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More 6R tractors from John Deere

The green brand imports two new models from Europe

The 6230R and 6250R were first shown to the public at Agritechnica in Germany in 2017.

When John Deere introduced its newest offerings to European farmers at the 2017 Agritechnica in Germany, it showed off two new models for the top end of its 6R tractor line. These two tractors, rated at 230 and 250 engine horsepower, packed a lot of power into a compact chassis. And there was more. Deere’s marketing team said the machines would appeal to producers who need a tractor that is capable of efficiently pulling heavy trailers and manure tankers on the road, a common chore on European farms.

So along with more power, the new models got features that allow them to hit road speeds easily and quickly, like the CommandPro customizable joystick that gives operators control of tractor speed and implement functions from a single control lever.

CommandPro is a customizable, ergonomic joystick that can control tractor speed, acceleration and implement functions. photo: John Deere

At that show, Deere reps also leaked the news, enticingly, that the tractors might eventually make their way across the Atlantic.

This February, that finally happened. Deere has introduced the 6230R and 6250R to North American farmers. Although these units push the maximum engine rating in the 6R line to 250 horsepower, when the power bulge and John Deere Intelligent Power Management (IPM) control are factored in, the 6250R is capable of delivering up to 300 horsepower.

Deere thinks these tractors will be an ideal fit for Canadian livestock producers who are looking for some of the same higher-end features along with a little more power and faster road speeds, just like their European cousins. It makes them well suited for things like hauling home heavy trailers loaded with large bales. Those on-road hauling needs of a segment of North American farmers are in part what prompted Deere to consider bringing them here.

“Livestock, dairy and hay producers will appreciate the power of these tractors, especially when they need to haul heavy loads or want to reach optimal transport speed more quickly,” said Anne Anderson, product marketing manager with John Deere, in the press announcement.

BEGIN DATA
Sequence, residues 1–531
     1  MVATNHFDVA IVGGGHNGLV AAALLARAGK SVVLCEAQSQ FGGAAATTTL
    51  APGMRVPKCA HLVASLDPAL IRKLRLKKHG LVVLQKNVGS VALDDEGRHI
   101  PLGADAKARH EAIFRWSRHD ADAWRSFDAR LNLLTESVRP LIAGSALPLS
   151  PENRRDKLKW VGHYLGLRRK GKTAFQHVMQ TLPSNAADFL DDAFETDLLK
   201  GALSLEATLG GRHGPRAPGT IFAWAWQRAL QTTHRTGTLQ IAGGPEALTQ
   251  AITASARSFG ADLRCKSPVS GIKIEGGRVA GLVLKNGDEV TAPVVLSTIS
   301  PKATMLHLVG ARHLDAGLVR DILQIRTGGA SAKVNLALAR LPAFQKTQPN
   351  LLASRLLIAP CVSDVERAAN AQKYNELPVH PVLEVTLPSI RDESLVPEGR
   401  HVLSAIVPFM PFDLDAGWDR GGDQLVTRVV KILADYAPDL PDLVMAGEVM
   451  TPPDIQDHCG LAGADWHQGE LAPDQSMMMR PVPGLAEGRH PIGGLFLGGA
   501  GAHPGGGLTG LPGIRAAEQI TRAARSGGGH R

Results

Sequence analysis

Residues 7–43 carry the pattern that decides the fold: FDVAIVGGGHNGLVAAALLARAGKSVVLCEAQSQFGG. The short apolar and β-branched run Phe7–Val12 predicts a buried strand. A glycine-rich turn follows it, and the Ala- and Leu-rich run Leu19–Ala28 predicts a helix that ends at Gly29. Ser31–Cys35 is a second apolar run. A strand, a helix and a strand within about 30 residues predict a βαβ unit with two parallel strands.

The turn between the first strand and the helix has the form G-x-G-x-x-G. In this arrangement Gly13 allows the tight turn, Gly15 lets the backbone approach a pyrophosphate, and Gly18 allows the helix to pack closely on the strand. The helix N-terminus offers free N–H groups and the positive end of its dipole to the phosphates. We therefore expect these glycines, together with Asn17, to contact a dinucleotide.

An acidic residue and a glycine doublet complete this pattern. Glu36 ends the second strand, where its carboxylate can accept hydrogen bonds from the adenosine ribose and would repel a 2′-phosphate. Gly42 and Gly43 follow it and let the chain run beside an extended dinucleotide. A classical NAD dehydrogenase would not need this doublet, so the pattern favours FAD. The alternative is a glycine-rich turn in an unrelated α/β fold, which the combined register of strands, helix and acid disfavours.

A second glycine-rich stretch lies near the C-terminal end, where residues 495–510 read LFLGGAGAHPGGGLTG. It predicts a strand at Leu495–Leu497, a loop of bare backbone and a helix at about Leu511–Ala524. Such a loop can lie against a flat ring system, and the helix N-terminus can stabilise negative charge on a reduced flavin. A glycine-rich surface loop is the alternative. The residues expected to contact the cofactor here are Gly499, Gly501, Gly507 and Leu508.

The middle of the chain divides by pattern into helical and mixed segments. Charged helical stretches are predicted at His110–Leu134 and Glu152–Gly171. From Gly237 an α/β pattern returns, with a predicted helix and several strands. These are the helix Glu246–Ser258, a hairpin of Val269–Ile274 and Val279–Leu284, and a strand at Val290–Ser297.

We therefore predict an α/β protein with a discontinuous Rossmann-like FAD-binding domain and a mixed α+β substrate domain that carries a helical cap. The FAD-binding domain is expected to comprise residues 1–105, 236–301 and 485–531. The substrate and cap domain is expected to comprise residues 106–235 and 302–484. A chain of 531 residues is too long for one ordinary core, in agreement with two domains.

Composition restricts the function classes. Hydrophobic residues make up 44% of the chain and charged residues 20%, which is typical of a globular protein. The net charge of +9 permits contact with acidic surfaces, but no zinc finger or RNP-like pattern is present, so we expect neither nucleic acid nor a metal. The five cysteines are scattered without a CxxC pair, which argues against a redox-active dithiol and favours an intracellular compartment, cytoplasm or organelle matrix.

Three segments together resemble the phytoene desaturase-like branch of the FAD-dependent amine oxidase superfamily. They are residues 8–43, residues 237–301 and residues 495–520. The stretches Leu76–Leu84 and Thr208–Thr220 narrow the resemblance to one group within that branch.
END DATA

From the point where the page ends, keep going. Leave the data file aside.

“The performance and versatility of these tractors makes them a solid choice for loader and PTO work such as baling.”

These tractors certainly aren’t lacking in base features. Both get Deere’s Infinitely Variable Transmission (the IVT) as base equipment, but there are two versions of it, a 40 km/h model and another that pushes road speed up to 50 km/h.

The IVTs make things more comfortable for the operator, said Anderson, adding, “The IVT saves time and money and lets operators choose the optimal speed for implement performance or transport. Since they’re shifting less to adjust speed, they can focus more attention on implement performance or other important tasks.”

A factory-installed front three-point hitch is one of the high-end options producers can get on the bigger 6R tractors. photo: John Deere

Also included in the base equipment package is a Gen 4 4200 CommandCenter colour monitor with an 8.4-inch display. That can be upgraded to a 4600 monitor and include features like Deere’s Field Documentation with an AutoTrac activation, section control and wireless data transfer.

The two new 6Rs also get a frame that is 10 centimetres longer than what is used on the 6215R, which has been the bigger tractor in the 6R family until now. The brand’s Triple-Link Suspension (TLS) can further improve ride quality and improve traction by keeping the front axle firmly planted on the ground. The suspension is part of the reason the two new Deeres can sprint along the road at up to 50 km/h. Plus the brand claims the suspension improves traction by up to 10 per cent.

TLS has three operating modes that can be changed from the Gen 4 CommandCenter monitor. They include auto, max or manual. Auto mode reacts to changes in travel speed, draft characteristics and implement weight to provide an optimal ride. Max mode delivers maximum suspension stiffness for loader work. In manual mode, the tractor’s suspension can be raised or lowered to a specific height, making the attachment of front implements easier.

Of course JDLink telematics technology is also part of the base price package. Variable rate electronic steering is an option, as is a factory-installed front three-point hitch. Tractors equipped with a front three-point hitch can still be fitted with a Deere 680R front-end loader.

About the author


Scott Garvey

Scott Garvey is a freelance writer and video producer. He is also the former machinery editor for Country Guide.

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